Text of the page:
It’s a “good news/bad news” presentation from the National Highway Traffic Safety Administration. Agency number crunchers recently came out with traffic fatality statistics for January through March 2020. Overall, there were 1 percent fewer fatalities than in the first quarter of 2019. That was the good news. The bad news is that the number of fatalities per 100 million vehicle miles driven actually increased from Q1 2019: 1.10 fatalities per 100 million vehicle miles this year, with 1.05 last year. Agency gurus aren’t sure why this is, but hoped to have a handle on it later this year. They also pointed out that the number of miles traveled in the first quarter dropped by more than 5 percent, probably due to the coronavirus pandemic.
Camping World and Good Sam CEO Marcus Lemonis, the star of the CNBC reality show “The Profit,” sustained the opposite of a profit on Wednesday, taking a significant loss on his seven-bedroom, Georgian-style mansion in Lake Forest, Illinois, by selling it for $3.65 million. Lemonis, who paid $4.9 million for the mansion in 2013, also sold an adjoining 1-acre lot Wednesday to the same buyers for $1 million. Lemonis paid $1.65 million for the lot in 2013. In total, Lemonis lost nearly $2 million on the two properties.
Two new guides to free campgrounds
Roundabout Publications has teamed up with the Ultimate Public Campground Project on these two new guides. Discover thousands of designated camping areas in the West and in America’s Heartland – real places – not big box store parking lots. Included are areas managed by various governmental agencies. Learn more about the West edition or Heartland edition.
Where do you buy MOST of your RV parts and accessories?
Run your RV air conditioner with only 20 amps. Yes, it’s possible!
RV Crime News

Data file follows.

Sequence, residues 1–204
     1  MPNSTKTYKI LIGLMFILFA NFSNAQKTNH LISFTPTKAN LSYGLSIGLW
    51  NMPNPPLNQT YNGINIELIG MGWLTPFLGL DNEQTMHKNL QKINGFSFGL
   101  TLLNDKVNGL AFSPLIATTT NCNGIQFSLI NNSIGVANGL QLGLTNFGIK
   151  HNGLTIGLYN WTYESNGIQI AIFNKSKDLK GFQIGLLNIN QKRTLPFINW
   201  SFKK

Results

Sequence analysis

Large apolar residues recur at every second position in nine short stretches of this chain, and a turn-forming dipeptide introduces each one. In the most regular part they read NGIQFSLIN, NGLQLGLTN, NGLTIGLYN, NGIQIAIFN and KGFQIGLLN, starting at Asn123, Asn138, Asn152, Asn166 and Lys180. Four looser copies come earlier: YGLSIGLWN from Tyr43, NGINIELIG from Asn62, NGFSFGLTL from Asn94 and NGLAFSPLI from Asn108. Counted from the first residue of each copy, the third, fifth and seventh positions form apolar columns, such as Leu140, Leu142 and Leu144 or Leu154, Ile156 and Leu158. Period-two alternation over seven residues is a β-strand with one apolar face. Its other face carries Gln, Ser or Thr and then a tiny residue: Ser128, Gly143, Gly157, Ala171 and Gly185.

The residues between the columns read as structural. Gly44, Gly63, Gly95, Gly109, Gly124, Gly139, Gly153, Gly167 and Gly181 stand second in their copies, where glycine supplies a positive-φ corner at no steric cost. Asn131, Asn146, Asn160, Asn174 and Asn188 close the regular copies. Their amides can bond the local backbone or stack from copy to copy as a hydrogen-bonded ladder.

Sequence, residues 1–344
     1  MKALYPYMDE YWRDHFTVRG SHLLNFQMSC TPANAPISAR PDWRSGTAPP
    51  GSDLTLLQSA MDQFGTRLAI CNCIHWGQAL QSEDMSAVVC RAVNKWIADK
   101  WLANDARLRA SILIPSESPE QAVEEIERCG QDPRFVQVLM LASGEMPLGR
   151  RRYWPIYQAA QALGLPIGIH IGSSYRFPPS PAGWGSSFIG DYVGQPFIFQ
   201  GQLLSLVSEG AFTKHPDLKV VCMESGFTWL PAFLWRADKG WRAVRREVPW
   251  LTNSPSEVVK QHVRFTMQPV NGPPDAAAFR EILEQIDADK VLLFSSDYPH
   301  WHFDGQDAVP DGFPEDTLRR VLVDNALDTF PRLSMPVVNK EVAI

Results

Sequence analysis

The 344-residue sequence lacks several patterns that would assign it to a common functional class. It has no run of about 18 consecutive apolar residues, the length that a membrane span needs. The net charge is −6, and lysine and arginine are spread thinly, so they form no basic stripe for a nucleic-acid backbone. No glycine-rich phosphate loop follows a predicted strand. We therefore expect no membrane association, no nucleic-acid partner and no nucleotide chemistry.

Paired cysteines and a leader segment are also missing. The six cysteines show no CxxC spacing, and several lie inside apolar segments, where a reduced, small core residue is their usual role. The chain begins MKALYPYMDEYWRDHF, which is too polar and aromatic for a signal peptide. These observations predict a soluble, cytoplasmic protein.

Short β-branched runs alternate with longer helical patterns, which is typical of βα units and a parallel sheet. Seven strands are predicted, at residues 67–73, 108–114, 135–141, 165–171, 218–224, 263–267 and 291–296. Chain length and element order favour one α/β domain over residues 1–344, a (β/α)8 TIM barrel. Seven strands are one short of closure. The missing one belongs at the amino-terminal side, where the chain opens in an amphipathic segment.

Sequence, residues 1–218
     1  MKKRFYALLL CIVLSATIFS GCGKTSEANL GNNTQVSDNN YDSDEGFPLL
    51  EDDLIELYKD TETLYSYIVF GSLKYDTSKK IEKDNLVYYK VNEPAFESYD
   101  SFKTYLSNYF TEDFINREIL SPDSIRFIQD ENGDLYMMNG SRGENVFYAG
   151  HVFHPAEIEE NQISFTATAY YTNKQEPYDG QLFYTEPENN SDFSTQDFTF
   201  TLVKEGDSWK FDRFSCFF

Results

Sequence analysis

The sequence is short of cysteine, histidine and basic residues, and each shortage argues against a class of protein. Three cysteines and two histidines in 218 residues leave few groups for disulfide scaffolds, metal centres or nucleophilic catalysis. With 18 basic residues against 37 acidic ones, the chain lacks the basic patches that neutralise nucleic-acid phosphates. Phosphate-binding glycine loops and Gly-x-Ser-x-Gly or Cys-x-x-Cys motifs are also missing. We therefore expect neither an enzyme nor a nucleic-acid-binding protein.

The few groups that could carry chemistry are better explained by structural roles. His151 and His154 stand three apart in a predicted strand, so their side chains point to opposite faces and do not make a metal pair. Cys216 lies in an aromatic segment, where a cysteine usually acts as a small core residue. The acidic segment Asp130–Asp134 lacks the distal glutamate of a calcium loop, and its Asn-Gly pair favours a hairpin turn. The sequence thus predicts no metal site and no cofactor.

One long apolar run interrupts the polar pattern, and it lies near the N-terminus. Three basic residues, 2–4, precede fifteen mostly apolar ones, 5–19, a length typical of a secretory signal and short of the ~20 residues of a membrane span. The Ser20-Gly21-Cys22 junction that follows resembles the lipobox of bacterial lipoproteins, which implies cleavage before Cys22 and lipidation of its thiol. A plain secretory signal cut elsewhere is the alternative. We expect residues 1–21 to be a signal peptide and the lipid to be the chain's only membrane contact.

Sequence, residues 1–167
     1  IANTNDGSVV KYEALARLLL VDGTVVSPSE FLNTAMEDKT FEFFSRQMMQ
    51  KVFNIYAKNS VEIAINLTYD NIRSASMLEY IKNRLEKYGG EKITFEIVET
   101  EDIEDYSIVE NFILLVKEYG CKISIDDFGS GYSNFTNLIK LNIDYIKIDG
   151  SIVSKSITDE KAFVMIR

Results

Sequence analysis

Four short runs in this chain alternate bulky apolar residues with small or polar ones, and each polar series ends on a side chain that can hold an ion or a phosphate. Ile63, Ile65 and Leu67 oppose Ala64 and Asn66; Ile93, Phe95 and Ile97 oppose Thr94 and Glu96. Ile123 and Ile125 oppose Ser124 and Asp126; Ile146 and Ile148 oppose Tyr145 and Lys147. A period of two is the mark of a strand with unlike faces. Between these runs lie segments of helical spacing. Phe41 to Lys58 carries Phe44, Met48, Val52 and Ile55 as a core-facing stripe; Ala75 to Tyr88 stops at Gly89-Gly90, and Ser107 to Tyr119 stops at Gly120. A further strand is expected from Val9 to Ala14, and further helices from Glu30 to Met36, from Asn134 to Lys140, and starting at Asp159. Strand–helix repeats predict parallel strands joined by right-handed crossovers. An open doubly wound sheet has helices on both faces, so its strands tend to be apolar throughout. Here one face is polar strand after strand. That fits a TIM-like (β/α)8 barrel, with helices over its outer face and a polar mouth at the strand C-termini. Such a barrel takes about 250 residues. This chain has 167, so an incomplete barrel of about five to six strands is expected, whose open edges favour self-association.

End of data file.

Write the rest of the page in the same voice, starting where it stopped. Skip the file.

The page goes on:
Note to would-be motorhome thieves: Follow the checklist – and be quick about it! An Ocala, Florida, motorhome owner says he was sitting in his garage with the door open, his motorhome parked in the driveway. He noticed the brake lights on the RV flash, and got up to investigate. As he walked along the side of the rig, he heard the engine start and the sound of the motorhome levelers retracting. When the owner started to walk in front of the rig, it lurched several times, as if someone were trying – unsuccessfully – to move it. Sure enough, out of the rig leaped one Damien Aranguren (39), also of Ocala. Aranguren then ran up to a pickup truck, owned – and at the time occupied – by the RV owner’s son. Aranguren unsuccessfully tried opening the driver side door, and when he couldn’t get the passenger door open either, reacted out of apparent frustration, banging on the closed window multiple times. The would-be thief finally got smart and drove away in his own vehicle, and was arrested shortly afterward. Now charged with burglary of an unoccupied conveyance, grand theft of a motor vehicle, grand theft auto, burglary of an occupied dwelling and trespassing of an occupied structure, Aranguren is out of jail on a $12,000 bond. He might have had more success if he’d remembered to disengage the parking brake on the motorhome, and forget about trying to open doors on a locked pickup.